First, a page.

How a Prison in the Mediterranean may change how I think about safety 

So here is a really weird question for you: 

What do Brene Brown, Simon Sinek and Adam Grant all have in common with a prison in Cyprus?

This is a two-part answer so stay with me on this. 

The other day I was listening to Brene Brown’s Dare to Lead podcast. On it, she was speaking with Simon Sinek and Adam Grant. Listening to the broadcast was like being a fly on the wall during a dinner with the three of them. To say the least, I was quite content to listen to it and may have to again. But I digress… 

There are a lot of similarities in their research and work with clients, yet all slightly different. One thing they all focus on is workplace behaviour, and trying to help people become high performers. Brene’s research has been focused on vulnerability and daring leaders in an organization to be open in order to connect with those around them. Adam is an organizational psychologist and Simon’s focus has been about finding your why. 

Now onto the second part of my answer… 

Last weekend, my husband and I were watching World’s Toughest Prisons on Netflix. This is something we both enjoy watching. One of the episodes of the latest season is about a prison in Cyprus, a little island in the Mediterranean, off the coast of Turkey. For years, this prison had a reputation for being very violent. Inmates would get beaten by the guards on a regular basis, just because they could. Then a new administrator took over running the prison. She had a very different mindset than her predecessors. Obviously it took time, but the facility has done a complete 180. Guards and inmates get along with one another, there is respect between them. Prisoners are given opportunities they didn’t have before.  

And what is most interesting, is that some of the guards that worked there under the old regime still work there. As individuals, they have changed how they work. They were given tools and were guided by the new administration to change their view on how to treat the inmates. 

So, back to my original question: what do Brene Brown, Simon Sinek and Adam Grant all have in common with a prison in the Mediterranean? 

They focus on positive behaviour in order to help individuals (no matter their level within the organization) become high achievers by helping them change their thought processes and therefore change their behaviours. 

As a safety professional, I look at all the different incidents that I have seen on site or look at what has been reported in the news, or the stories I hear from other safety professionals. What is most alarming to me is that, in my estimation, about 90% of most incidents that occur are happening because of human behaviour. Either someone did something they weren’t supposed to do, or they didn’t do something that they were supposed to do. 

I know there have been some research on the relationship between safety behaviour and incidents and try to change it but perhaps we need to focus on it more.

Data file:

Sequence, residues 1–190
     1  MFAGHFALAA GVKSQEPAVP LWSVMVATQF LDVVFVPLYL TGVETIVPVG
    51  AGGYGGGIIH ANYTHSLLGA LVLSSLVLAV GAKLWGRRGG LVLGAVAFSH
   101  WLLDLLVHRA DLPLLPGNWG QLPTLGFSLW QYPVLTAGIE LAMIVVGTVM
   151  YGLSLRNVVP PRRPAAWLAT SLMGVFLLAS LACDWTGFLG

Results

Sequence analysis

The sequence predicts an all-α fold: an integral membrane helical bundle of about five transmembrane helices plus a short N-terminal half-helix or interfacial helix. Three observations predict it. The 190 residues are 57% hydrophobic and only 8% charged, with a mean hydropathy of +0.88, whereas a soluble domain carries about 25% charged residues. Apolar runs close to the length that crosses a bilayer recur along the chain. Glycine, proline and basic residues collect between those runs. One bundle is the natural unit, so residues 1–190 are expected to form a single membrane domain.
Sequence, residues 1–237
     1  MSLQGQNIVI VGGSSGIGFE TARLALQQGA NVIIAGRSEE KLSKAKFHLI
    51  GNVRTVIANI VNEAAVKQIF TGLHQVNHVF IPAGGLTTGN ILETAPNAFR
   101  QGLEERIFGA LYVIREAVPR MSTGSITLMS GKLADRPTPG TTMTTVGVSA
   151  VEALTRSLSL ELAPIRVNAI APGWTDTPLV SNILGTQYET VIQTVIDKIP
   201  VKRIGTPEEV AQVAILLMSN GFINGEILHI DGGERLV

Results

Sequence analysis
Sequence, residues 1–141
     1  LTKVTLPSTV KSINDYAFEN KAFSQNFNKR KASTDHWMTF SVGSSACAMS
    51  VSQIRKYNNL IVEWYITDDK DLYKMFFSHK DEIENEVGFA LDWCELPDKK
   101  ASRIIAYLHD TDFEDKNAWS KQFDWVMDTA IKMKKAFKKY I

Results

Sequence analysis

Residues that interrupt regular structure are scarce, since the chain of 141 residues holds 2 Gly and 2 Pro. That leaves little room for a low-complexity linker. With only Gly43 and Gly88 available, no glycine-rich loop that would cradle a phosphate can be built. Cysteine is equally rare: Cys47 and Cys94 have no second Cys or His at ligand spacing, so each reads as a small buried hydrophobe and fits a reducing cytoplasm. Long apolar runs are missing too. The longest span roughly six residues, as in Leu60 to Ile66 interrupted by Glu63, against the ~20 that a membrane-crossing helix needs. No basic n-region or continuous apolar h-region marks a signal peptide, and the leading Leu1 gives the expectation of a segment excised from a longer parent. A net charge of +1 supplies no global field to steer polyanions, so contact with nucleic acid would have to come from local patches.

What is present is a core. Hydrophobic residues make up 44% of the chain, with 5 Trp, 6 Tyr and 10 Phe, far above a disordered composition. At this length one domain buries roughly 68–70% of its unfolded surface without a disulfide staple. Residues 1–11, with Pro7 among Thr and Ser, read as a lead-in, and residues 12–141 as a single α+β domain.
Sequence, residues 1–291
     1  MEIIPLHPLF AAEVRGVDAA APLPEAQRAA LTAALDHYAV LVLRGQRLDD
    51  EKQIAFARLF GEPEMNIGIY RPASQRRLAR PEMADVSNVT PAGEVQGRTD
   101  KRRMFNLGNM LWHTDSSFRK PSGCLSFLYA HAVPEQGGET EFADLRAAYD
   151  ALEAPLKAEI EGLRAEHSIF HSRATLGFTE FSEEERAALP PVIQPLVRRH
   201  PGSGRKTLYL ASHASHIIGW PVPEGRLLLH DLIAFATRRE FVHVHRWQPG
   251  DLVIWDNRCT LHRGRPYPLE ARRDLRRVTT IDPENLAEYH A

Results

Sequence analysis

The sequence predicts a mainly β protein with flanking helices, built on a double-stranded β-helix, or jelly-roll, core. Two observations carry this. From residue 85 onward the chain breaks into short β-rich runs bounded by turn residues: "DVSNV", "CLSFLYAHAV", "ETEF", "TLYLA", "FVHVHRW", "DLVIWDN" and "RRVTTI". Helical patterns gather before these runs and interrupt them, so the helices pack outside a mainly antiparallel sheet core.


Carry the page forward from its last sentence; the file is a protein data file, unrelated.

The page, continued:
Yes, we as safety professionals can try to inspire workers to do their best. But will it make a difference if a supervisor is willing and wanting to take shortcuts? Any type of culture change must start at the top. We know this. But how often does it actually happen? 

A high performer in a sales position will make the company money.  A high performer in safety will, in the short term, cost the company money.  

In my experience, not enough companies are doing enough to hold their supervisors accountable for their actions and all too willing to let go of the trades people. Or nothing will happen to either of them except a talking to and a slap on the wrist. Company leaders focus on a project managers relationship with the client but not necessarily about the relationship with the team or the people in the field. 

I am thinking we need to start taking the research and guidance from these three experts and start applying it to the world of occupational health & safety. Let’s focus on coaching our supervisors and not just the workers. Let’s talk to the leaders to see if they actually care about safety and if they want to invest the money they need into implementing good safety systems to correct the unsafe behaviours. Let’s have the CEOs put their money where their mouth is and start taking action to commit to helping to protect their workers and supervisors. 

As I was researching for this post, I came across this article on behaviour-based safety (BBS) programs. I know this has been in the industry for years. Unfortunately, I am not sure it has been utilized as well as it could be in the various industries, especially in construction. 

There was one project I was on where they tried to introduce BBS. We were told to watch workers, fill out cards and talk to them about what we observed. To say the least, the program did not go over well. There was not near enough training on the matter.

In the mean time, I am going to do more research on the matter and see if I can find small changes I might be able to implement on the job site. 

Have you implemented a behaviour-based safety program? How effective was it? What are your thoughts on the matter overall? Does it work on construction projects? I would love to hear from you! 


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